HP goes high-end with two new Envy laptops

Ditching the Voodoo branding of the first Envy laptop, HP is aiming at the very upper ends of the market with its new Envy 13 and Envy 15 laptops, both announced today.

HP's slick new Envy 13. HP

Ditching the Voodoo branding of the first Envy laptop, HP is aiming at the very upper ends of the market with its new Envy 13 and Envy 15 laptops, both announced today.

HP calls the 15-inch version, "the company's fastest consumer notebook PC ever." The 1-inch-thick, 5.18-pound system will feature an Intel Core i7 CPU, four RAM slots for up to 16GB of memory, dual SSD hard drives, and ATI Radeon HD 4830 graphics. The display resolution is 1,600x900.

If that sounds like a lot of laptop, you're right--and it has a price to match, starting at $1,799 (and the highest-end CPUs, graphics and SSD drives could push it well beyond that).

The Envy 13 will offer the Intel Core 2 Duo SL9400, a 1,366x768 display, ATI Radeon HD 4330 graphics, and support an external DVD burner. At 3.7 pounds and a bit less than 1 inch thick, it starts at $1,699.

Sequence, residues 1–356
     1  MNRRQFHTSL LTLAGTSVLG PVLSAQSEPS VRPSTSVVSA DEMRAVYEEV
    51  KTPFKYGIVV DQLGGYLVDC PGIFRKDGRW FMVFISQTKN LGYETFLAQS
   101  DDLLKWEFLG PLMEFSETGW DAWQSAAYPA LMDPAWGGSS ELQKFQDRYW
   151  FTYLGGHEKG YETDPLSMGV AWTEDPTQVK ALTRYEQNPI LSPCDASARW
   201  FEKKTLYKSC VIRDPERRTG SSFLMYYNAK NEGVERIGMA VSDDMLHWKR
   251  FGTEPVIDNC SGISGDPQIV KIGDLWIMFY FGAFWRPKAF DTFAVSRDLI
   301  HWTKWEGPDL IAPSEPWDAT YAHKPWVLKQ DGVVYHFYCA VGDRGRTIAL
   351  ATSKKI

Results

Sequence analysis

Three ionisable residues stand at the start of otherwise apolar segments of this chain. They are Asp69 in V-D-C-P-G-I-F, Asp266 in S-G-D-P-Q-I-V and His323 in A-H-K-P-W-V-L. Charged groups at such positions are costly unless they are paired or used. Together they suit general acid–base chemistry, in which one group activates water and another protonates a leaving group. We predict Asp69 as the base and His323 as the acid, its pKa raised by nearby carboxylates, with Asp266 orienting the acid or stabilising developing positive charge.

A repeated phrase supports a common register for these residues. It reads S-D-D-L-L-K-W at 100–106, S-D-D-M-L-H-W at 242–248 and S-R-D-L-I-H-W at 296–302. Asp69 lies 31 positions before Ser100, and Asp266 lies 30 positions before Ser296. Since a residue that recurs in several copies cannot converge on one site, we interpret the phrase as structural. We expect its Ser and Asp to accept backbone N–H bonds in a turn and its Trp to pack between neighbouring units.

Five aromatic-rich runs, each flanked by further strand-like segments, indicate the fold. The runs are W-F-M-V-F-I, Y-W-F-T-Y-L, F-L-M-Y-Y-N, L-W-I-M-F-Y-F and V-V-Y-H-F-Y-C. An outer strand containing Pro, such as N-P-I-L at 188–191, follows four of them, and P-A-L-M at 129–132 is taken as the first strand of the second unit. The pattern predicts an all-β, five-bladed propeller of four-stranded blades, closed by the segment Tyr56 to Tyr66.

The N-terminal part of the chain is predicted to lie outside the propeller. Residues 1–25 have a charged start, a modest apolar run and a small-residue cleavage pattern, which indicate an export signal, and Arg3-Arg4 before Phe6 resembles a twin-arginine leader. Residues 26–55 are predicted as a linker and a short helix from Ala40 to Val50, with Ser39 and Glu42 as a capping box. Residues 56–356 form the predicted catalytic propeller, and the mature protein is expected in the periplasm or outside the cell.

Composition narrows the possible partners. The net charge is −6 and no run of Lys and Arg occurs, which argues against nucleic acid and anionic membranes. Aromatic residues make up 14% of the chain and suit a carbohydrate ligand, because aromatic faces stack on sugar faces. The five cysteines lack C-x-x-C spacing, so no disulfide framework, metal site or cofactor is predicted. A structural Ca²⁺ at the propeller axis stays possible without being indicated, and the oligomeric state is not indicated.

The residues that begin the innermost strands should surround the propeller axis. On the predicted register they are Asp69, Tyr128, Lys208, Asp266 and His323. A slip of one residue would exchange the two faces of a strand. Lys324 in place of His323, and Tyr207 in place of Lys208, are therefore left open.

The 13-inch Envy starts at $1,699. HP

Both the Envy 13 and Envy 15 share a sleek new look, with aluminum and magnesium alloy bodies and a subtle etched pattern on the keyboard tray (and on the Envy 15, also on the back of the lid).

They also feature a large, clickable touchpad, similar to what you'd see on a MacBook. Unlike the Apple version, however, left and right mouse buttons, and a button to turn off the touchpad, are built into the pad itself. From our hands-on time with the system, tapping works fine, without the need to actually physically click the pad down.

The built-in audio, which we didn't get a chance to test when we saw the Envy laptops in person, is called Beats Audio, and was developed by the same team behind the popular Beats by Dre headphones, named after the music producer.

HP is also proud of its packaging for these laptops, which will arrive in minimal paper-based cartons. Documentation is limited to a quick setup poster--the rest of the user manuals are on an included SD card (which could also help in keeping documentation updated, without having to reprint booklets or add addendums).

From our brief hands-on time with the Envy 13 and Envy 15, they certainly seemed like slick, desirable high-end systems--but in the era of $299 Netbooks and similarly discounted mainstream laptops, there may be very few people in the market for ultra-high-end machines, no matter how cool they look.

 

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